Wednesday, 10 March 2010


Synopsis: Warring factions of the Camorra fight it out on a grim Italian housing estate. The film follows various characters including a tailor, a young boy and two teenage would-be Scarfaces as they weave in and out of the Camorra's affections.

I saw this modern Italian gangster film after I'd seen the French prison film Un Prophete and they make interesting comparisons. It could be said that gangster films (especially in Hollywood) have previously enjoyed somewhat of a glamourisation. Thinking of such classics as The Godfather, Scarface (B&W and colour versions) and Goodfellas, audiences have been treated to such ultra stylised accounts of organised crime that they forget that there is a reality behind the gloss.

Un Prophete is not glamorous (think of an Oz and Hunger mash-up and you're just about there) but there is still a nod to the cool, trendy, gritty gangster flicks. The use of U.S. hip-hop in the soundtrack and the fact that we see at the end how crime does pay means that for all its attempts at keepin' it real, Un Prophete and Gomorra are really worlds apart.

Gomorra is neither stylised nor does it shy away from the horrible reality for those living with both poverty and violence on a daily basis. In this way, Gomorra is more akin to US TV series The Wire in its multi layered depiction of drug-related organised crime and its place in modern society. Where a film like The Godfather shows us the top level of an organised crime family (or one man's rise to the top of said organisation) and its relationship to corrupt politicians, both Gomorra and The Wire clearly illustrate the different levels involved, from the young boy running errands right up to the official illegally burying toxic waste.

Admittedly, the five series of The Wire has more time to set out such a complicated story and goes into minute detail, but Gomorra is successful in depicting such complexity in just over two hours. The Wire also has its share of humour and grotesque Dickensian characters. Gomorra has virtually no humour and no over the top characters.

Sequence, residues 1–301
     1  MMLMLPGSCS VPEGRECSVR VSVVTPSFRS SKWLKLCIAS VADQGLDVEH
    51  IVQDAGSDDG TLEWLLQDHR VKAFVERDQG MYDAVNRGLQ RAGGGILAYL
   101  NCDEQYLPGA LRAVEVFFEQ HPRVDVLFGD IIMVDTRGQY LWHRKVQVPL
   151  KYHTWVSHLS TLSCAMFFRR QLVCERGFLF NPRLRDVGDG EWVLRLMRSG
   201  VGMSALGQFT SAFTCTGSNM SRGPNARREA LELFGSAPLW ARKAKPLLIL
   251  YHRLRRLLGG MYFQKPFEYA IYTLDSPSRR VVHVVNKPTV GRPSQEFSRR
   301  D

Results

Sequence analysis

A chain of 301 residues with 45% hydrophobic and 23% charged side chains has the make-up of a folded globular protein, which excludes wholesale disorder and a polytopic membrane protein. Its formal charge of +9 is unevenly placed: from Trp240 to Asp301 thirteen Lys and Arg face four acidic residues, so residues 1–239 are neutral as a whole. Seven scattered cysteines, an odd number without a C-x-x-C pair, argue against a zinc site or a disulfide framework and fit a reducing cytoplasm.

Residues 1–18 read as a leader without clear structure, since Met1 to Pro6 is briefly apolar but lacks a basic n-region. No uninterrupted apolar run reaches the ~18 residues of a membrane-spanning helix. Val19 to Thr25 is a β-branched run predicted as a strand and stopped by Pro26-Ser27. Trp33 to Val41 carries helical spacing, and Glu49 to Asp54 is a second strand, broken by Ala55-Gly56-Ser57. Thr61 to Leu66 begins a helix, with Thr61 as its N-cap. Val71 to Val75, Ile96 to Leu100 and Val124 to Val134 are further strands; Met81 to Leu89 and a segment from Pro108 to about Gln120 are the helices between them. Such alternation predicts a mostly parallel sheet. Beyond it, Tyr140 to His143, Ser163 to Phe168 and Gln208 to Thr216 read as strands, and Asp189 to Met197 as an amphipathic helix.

The story, such as it is, moves along without a soundtrack of gangsta rap or '60s rock music. Instead we're treated to dreadful Italian pop, securing it firmly in its time and place. The photography is fairly colourless, with perhaps the grimmest housing estate since Nil by Mouth, but care is taken over framing and tracking, which gives the film a serious, confident feel.

Standout scenes for me include watching a succession of young teenage boys donning bullet proof vests to be shot at by Camorra henchmen as a test of manhood and loyalty. Utterly insane but, as with the rest of the film, totally underplayed. Young boys are utilised to grim comic effect later on when they are employed to drive trucks of toxic waste to a quarry after one of the original drivers is injured by having some of the waste spill on him. That the official happily gets a bunch of kids to drive his scum trucks rather than sort out a disfigured driver says all you need to know about his morality.

Another character we follow is the assistant to the toxic waste burying guy, who towards the end of the film we see having to dump a tray of ripe peaches by the side of the road. This, for him, is symbolic of the wasting or destruction of nature by what his boss is doing. He immediately walks off, preferring lower wages but a clearer conscience.

In another section we follow a tailor who, as well as working in a factory knocking off haute couture, gets tempted, sells his talents and teaches a rival Chinese factory lessons in couture cutting and sewing. We see him visit the Chinese boss and enjoy his first taste of Chinese cuisine and then as he gives his first lesson. This is the true face of globalisation.

One of the most poignant and, for me, Wire-esque scenes comes near the end, in which the tailor is now in a new job (long distance lorry driver) after being attacked as a traitor by the Camorra bosses. He watches a TV in a service station as Scarlett Johanssen is photographed wearing one of his knock off dresses. We now see the circle complete.

I reckon Gomorra should be compulsory viewing for anyone wanting to watch The Godfather, GoodFellas, Scarface, The Sopranos or any other typical gangster film/TV show. This film is not about cool personalities, hip dialogue or fast-paced action. It takes a cold, hard look at what it's like to be poor in a country where organised crime is still pervasive from the bottom to the very top.

See also: Un Prophete, The Wire

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